by Adam Petrun, 3L Contributor
Law students: do you remember the United States Supreme Court cases of Grutter v. Bollinger and Gratz v. Bollinger (2003)? If you were (awake) in a constitutional law class, you probably recognize that these cases form the foundation for existing affirmative action precedent. But do you know that the High Court’s final decisions in those cases were only the beginning of the plaintiffs’ legacy?
Back in November, I described for you how Grutter is making headlines yet again, through the pending Supreme Court case of Fisher v. University of Texas. In Fisher, the Supreme Court will determine whether Grutter remains sound precedent, and specifically examine the issue of whether higher educational institutions can continue to use race as a factor in admissions criteria. As of present, it appears likely that the Supreme Court will rule against the permissible usage of race, throwing the holding of Grutter into jeopardy. Thus, even though Barbara Grutter might have been unsuccessful in her legal efforts back in 2003, she may end up having some delayed vindication in Fisher.
But what about Jennifer Gratz, the Michigan plaintiff from the eponymous companion case to Grutter? In Gratz, decided on the same day as Grutter, Ms. Gratz ended up winning her lawsuit, as the Supreme Court struck down the admissions policy in place at the undergraduate program of the University of Michigan. In that case, the Court recognized the significant differences between the programs at issue in Gratz and Grutter: in Grutter, race was considered as a non-determinative factor among the whole applicant pool, whereas in Gratz, applicants received an individual admissions criteria boost simply for being a member of a qualified minority group. This, according to the Supreme Court in Gratz, was a type of overt discrimination not allowable under strict scrutiny analysis.
So Ms. Gratz had her day in Court—and was victorious. But the story doesn’t end there. Three years after the Supreme Court handed down Grutter and Gratz, Ms. Gratz decided to lead a concerted effort to amend the Michigan Constitution, in order to eliminate affirmative action entirely within the state. Ms. Gratz had a clever proposal: she wanted the State of Michigan to “not discriminate against, or grant preferential treatment to, any individual or group on the basis of race, sex, color, ethnicity, or national origin in the operation of public employment, public education, or public contracting.”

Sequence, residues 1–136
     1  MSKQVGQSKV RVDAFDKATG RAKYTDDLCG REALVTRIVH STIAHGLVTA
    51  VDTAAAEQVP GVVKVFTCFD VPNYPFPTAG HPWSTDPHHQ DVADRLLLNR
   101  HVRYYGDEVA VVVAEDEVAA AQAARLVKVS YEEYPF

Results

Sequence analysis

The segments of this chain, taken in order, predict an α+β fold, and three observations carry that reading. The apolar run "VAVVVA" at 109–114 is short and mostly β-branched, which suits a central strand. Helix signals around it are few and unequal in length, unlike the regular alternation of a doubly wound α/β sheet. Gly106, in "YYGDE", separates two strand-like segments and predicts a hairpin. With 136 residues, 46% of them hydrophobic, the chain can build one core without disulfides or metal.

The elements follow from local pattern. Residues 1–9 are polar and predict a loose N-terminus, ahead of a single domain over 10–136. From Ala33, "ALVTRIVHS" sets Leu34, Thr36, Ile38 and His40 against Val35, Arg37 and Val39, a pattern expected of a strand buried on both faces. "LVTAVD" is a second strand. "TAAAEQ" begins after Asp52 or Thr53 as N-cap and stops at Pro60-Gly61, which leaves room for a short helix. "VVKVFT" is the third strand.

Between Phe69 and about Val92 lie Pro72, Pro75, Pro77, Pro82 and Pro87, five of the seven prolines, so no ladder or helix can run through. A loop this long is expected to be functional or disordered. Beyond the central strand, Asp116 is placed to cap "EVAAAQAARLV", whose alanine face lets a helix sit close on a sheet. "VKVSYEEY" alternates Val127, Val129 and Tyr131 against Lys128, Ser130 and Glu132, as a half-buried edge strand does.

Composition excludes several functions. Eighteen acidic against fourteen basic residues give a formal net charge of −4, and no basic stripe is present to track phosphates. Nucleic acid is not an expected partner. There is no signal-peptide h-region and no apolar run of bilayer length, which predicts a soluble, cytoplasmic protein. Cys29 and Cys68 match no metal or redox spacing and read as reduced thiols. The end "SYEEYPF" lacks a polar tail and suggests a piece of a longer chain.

The effort was supported by a number of influential individuals, including Ward Connerly, an African-American Republican who had successfully lobbied a similar antidiscrimination measure in California, passed in 1996. And the amendment reads innocuous enough, doesn’t it? How can one argue with asking the state not to discriminate on the basis of race? The citizens of Michigan agreed, and in 2006, the amendment passed by popular referendum (as “Proposal 2”) at the ballot box, by a margin of 58% to 42%.
But not so fast. A plethora of public interest groups tried to prevent passage of the amendment, and promptly filed for injunctive relief to keep it off the ballot. In one such case, Operation King’s Dream v. Connerly, the Sixth Circuit rejected that challenge, but condemned egregious irregularities related to placing Proposal 2 on the ballot, such as duplicate signatures and signatures by nonregistered voters.
Specifically, the court explained that “[t]he record and the district court’s factual findings indicate that the solicitation and procurement of signatures in support of placing Proposal 2 on the general election ballot was rife with fraud and deception. . . . By all accounts, Proposal 2 found its way on the ballot through methods that undermine the integrity and fairness of our democratic processes.” The court arrived at this conclusion after examining, among other evidence, a 2006 Michigan Civil Rights Commission study which strongly supported the same conclusion. In fact, as the court noted, the Defendants did not try to rebut this finding at all. Yet the court indicated that “we must be guided by law, not outrage” and still allowed Proposal 2 on the ballot.